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Rules of Financial Planning For a Special-Needs Child

Posted On: Sunday, July 3, 2022

Rules of Financial Planning For a Special-Needs Child

"I wouldn’t change you for the world. But I would change the world for you.” (Anonymous)


Don’t leave things to chance

A budget is key to any good financial plan, and in the case of a special-needs child, it’s even more crucial. Start by plotting an expense timeline detailing the medical treatments, care requirements and any special therapy that you can expect in the future. Then create a monthly budget that includes those projected expenses alongside everyday living expenses.

Budgeting is not easy at the best of times, which is why we’re here to help. Once we’ve nailed down the spreadsheet together, we can help you decide how best to invest your savings to guarantee long term financial security.

Having a proper budget will also help you make potentially difficult decisions, like whether one parent can afford to stop working to assist full-time at home, or whether it would be better for everyone concerned to hire help or look for a care facility.

Be kind to yourself

The only way you can care for your child’s future is by caring for your own future. Being healthy and financially secure is key to providing a safe, happy environment for your special-needs child into adulthood. Don’t neglect your own retirement plans!

  • Include provision for a Testamentary Trust in your Will

    A Testamentary Trust is a special trust that is established in accordance with your Will, and which goes into effect immediately upon your death. It’s a way to safeguard capital for your child and to ensure that they are cared for according to your wishes when you are gone.

    Careful consideration should go into the nomination of your child’s guardian or guardians, as well as the trustees of the Testamentary Trust. Often, a sympathetic family member like a sibling will do double duty as both guardian and trustee – usually assisted by an objective professional like a lawyer. A supporting document called a Letter of Wishes might also be drafted, with detailed instructions about how the money from the trust should be used to care for the beneficiary.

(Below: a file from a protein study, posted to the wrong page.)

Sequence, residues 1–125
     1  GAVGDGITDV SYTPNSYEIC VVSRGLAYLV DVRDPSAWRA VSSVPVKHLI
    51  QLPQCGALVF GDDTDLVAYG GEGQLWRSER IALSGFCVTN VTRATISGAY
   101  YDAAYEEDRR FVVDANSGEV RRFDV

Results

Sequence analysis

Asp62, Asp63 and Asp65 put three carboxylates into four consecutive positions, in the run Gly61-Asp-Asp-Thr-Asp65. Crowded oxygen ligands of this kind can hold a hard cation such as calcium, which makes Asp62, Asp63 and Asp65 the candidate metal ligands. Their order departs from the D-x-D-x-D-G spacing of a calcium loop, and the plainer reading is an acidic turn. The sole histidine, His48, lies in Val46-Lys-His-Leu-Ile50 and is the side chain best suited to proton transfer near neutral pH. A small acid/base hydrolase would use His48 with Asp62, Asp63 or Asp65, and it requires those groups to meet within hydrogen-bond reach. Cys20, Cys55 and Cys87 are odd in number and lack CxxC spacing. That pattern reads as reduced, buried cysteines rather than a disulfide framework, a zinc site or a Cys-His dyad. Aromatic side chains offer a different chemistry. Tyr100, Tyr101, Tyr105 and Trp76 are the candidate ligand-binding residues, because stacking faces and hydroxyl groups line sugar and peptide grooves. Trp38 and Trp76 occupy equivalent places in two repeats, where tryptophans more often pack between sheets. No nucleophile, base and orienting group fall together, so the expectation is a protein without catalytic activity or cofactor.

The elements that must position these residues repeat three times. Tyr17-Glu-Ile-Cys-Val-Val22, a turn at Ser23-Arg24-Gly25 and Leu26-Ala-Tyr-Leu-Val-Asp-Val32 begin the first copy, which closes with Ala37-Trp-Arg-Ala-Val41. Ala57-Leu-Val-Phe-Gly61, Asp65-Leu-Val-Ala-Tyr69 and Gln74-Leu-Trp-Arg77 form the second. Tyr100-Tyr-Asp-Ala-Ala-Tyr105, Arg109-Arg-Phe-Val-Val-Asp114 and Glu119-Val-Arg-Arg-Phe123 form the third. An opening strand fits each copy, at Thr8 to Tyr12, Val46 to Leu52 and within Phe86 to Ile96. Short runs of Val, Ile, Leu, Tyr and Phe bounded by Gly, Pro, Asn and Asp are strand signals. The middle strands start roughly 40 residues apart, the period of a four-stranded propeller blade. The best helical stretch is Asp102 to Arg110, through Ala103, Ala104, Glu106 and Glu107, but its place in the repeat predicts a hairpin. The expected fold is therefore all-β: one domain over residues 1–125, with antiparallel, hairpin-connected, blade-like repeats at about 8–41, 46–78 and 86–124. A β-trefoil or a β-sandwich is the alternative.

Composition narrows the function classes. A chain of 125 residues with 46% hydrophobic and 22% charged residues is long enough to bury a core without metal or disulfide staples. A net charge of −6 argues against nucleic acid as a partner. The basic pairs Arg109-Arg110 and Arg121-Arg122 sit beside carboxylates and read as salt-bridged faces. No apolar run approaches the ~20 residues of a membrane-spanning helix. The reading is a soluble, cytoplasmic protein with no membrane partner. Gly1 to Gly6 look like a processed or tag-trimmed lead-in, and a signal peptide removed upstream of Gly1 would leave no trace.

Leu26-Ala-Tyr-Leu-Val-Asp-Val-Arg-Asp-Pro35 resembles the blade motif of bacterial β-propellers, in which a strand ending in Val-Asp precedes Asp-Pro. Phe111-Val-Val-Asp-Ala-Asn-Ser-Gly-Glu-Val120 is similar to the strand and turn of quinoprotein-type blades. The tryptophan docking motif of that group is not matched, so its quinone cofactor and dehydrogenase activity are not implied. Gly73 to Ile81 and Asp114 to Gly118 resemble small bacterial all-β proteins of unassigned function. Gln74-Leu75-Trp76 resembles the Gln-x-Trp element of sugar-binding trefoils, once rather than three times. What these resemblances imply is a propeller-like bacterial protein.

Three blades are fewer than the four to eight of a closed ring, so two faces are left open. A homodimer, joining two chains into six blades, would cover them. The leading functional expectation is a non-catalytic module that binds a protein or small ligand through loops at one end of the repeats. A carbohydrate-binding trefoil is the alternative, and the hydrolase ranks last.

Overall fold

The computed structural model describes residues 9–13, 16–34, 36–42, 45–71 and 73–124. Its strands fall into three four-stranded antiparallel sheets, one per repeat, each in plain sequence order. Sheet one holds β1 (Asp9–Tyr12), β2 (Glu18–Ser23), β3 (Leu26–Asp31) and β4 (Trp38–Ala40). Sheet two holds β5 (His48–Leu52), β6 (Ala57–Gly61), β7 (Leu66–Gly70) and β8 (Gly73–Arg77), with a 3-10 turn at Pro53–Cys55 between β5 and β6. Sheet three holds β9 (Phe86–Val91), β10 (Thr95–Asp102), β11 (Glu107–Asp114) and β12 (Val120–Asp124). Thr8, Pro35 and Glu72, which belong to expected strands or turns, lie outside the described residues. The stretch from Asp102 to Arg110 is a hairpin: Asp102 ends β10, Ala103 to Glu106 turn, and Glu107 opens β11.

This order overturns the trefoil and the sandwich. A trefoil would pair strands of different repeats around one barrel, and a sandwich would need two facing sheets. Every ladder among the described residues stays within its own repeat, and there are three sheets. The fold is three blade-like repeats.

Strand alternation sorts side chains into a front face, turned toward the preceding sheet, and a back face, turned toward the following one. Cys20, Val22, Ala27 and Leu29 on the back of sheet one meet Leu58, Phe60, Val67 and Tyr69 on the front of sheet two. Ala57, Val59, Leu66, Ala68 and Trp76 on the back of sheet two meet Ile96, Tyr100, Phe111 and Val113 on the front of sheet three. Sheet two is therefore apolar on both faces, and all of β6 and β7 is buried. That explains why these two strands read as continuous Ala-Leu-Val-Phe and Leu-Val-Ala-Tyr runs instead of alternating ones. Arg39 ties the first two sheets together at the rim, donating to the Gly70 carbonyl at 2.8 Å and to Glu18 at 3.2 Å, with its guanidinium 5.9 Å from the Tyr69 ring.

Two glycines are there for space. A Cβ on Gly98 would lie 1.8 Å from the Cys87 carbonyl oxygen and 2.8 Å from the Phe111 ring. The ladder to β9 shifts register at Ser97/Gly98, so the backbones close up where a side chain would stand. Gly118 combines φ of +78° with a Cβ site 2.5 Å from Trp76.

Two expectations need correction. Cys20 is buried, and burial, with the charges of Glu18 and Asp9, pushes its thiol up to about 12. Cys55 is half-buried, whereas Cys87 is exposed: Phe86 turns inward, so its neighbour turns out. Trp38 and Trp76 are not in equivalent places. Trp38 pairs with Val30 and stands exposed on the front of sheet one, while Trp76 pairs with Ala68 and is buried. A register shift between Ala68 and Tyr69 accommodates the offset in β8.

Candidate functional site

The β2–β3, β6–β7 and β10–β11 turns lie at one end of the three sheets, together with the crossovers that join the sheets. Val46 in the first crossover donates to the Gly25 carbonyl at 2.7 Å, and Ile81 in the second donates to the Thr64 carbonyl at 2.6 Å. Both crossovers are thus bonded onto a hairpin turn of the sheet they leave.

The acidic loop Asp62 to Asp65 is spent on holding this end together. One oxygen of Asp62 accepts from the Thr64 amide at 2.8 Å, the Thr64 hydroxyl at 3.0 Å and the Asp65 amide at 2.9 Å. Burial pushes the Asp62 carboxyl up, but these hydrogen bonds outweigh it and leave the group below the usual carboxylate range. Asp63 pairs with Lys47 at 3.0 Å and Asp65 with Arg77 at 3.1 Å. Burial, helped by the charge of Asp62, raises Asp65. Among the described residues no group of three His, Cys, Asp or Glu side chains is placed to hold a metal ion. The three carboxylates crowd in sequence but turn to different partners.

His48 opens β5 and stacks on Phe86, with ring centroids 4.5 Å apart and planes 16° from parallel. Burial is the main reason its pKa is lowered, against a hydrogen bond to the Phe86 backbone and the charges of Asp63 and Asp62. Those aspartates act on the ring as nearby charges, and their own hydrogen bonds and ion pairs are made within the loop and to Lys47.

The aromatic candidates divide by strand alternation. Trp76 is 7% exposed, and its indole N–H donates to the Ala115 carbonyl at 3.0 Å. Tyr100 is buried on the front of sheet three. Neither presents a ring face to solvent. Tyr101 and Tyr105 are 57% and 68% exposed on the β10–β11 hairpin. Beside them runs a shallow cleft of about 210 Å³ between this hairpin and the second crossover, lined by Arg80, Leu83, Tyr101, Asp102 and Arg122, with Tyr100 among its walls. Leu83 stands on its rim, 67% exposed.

We can also assist you here, along with an estate planner if necessary. And we’ll walk you through the tax implications, too. The important thing to note when it comes to tax is that a Testamentary Trust set up as a special trust for the benefit of a relative with mental or physical disability must be registered with SARS as a ‘Type A’ trust. This means it will be taxed largely in the same manner as an individual, at a rate lower than that of a normal trust. There are also capital gains tax benefits for Type A trusts.

  • Make sure your life cover is up to scratch

    Life insurance is always important, especially for the family’s main breadwinner. But it’s non-negotiable if you have a special-needs child who might never be able to live independently. Once you have a Will in place, you can make the Testamentary Trust the beneficiary of your life policy and thereby guarantee sufficient capital to last your child’s lifetime.

    Life insurance requirements change over time: as you pay off debt and progress further in your career, or as your child’s individual needs change. Similarly, the monthly premium depends on various factors including your earning potential, the lifestyle you’re accustomed to, and your child’s projected expenses. We’ll help you choose the right product at the right premium for your circumstances.

  • Practice letting go

    This is much easier said than done, but special-needs children need to learn to cope without their parents to reach their full potential. A child who can’t live alone might thrive at home with as much independence as possible, but many others will be happiest in a group or care home chosen to suit their particular needs and capabilities. Ironically, it’s often the parents who struggle most with this! There’s the story of the mother of a special-needs child who resisted sending her daughter to a care home for years, despite a psychologist's recommendation to do so. Eventually she capitulated, and when she called her daughter after a couple of days to check in, her daughter told her to stop pestering – she had a job to do!

    Initiating some distance will also help you gain perspective on your finances. You will be better able to gauge your child’s ability to cope independently and therefore put the right plans in place for long term care.

As your financial planners, you are our number-one priority and we are ready to help you navigate this tricky terrain and hopefully ensure the best outcome – not just for your child, but for the whole family.

If you haven’t already done so, speak to your financial advisor about creating a financial plan that’s tailor made for your family’s unique situation.

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